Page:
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Public to help shape new direction of Canadian military

Do Canadians shell out too much money for our military? Too little?

Should more Canadian troops be marching through Syria? Or should our soldiers lend their skills to other peacekeeping missions?

The Department of National Defense is taking a long, hard look at how it uses the country’s military resources, and it wants to know what you think.

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All month long the government will hold public consultations asking for input on the future of the Canadian Armed Forces. As part of that effort, Central Okanagan-Similkameen-Nicola MP Dan Albas will sit down with Okanagan residents for a round-table discussion on the development of a new Canadian defense policy.

The consultation will focus on three main issues: The major challenges to Canada’s security, how the armed forces should address “current threats and challenges” and how many resources it needs to do those things.

In a written statement, Minister of National Defense Harjit Sajjan said renewing Canada’s commitment to the United Nations peace operations, maintaining surveillance and control of the arctic, and Canada’s commitments to NORAD and NATO should all underpin the review.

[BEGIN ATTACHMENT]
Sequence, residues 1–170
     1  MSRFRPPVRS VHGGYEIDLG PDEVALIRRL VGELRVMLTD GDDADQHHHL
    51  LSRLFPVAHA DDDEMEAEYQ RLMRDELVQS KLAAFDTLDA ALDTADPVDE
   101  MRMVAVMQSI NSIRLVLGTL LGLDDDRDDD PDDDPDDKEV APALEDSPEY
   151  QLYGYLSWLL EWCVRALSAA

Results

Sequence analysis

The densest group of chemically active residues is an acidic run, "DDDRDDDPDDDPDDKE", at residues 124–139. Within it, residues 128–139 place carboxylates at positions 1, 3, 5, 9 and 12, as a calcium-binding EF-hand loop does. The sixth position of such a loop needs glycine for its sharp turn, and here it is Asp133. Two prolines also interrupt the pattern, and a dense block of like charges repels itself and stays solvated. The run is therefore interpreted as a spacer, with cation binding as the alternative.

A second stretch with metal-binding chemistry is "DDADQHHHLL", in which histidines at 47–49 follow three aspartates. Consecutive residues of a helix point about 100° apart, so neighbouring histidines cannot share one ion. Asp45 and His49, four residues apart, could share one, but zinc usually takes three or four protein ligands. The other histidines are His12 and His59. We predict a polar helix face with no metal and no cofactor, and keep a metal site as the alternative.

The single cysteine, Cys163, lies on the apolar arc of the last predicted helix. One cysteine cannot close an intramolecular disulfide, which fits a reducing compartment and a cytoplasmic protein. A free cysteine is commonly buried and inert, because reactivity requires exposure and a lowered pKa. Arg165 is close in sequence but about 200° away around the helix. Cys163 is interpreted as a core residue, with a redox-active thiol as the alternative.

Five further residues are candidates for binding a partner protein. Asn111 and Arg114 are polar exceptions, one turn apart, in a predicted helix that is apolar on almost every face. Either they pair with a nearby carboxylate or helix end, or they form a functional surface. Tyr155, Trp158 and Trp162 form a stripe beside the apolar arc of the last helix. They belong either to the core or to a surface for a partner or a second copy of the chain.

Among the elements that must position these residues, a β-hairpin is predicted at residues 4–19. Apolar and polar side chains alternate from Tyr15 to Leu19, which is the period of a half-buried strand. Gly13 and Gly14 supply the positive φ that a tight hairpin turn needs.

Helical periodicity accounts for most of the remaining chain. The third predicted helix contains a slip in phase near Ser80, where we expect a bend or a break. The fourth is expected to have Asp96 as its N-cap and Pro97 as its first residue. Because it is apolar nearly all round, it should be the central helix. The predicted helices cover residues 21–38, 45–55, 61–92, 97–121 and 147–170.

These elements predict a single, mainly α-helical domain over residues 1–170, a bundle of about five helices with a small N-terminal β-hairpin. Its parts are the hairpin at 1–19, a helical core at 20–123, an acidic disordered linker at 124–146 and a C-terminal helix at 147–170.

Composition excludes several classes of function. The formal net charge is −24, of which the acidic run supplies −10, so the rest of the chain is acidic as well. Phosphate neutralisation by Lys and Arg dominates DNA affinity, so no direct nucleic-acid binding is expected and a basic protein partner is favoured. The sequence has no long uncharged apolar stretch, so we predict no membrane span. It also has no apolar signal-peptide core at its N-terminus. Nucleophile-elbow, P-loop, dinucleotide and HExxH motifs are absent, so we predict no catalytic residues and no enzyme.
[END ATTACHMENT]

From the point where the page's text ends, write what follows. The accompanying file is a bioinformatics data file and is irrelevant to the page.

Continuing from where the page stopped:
He also wants to ensure other stakeholders, like academic experts and non-governmental organizations, have their say as well.

The armed forces website points out the “strategic context” the armed forces operate in has “shifted” in the last decade, creating a whole new set of challenges. It cites the rise of terrorism, shifting combat tactics and “vulnerabilities” with cyber domains as major concerns.

It also points out that “important choices” will have to be made to ensure the armed forces has what it needs to confront those new threats, and says “a credible, realistic, and evidence-based review of defense policy will” ensure that happens.

“This review will provide the clarity needed to balance priorities, respond to emerging challenges, and invest appropriately in Canada’s military,” Albas noted in a written statement.

The round table discussion is open to anyone, and will start at 7 p.m. July 27 at the Coast Capri Hotel in Kelowna. A new defense policy will be released in early 2017.

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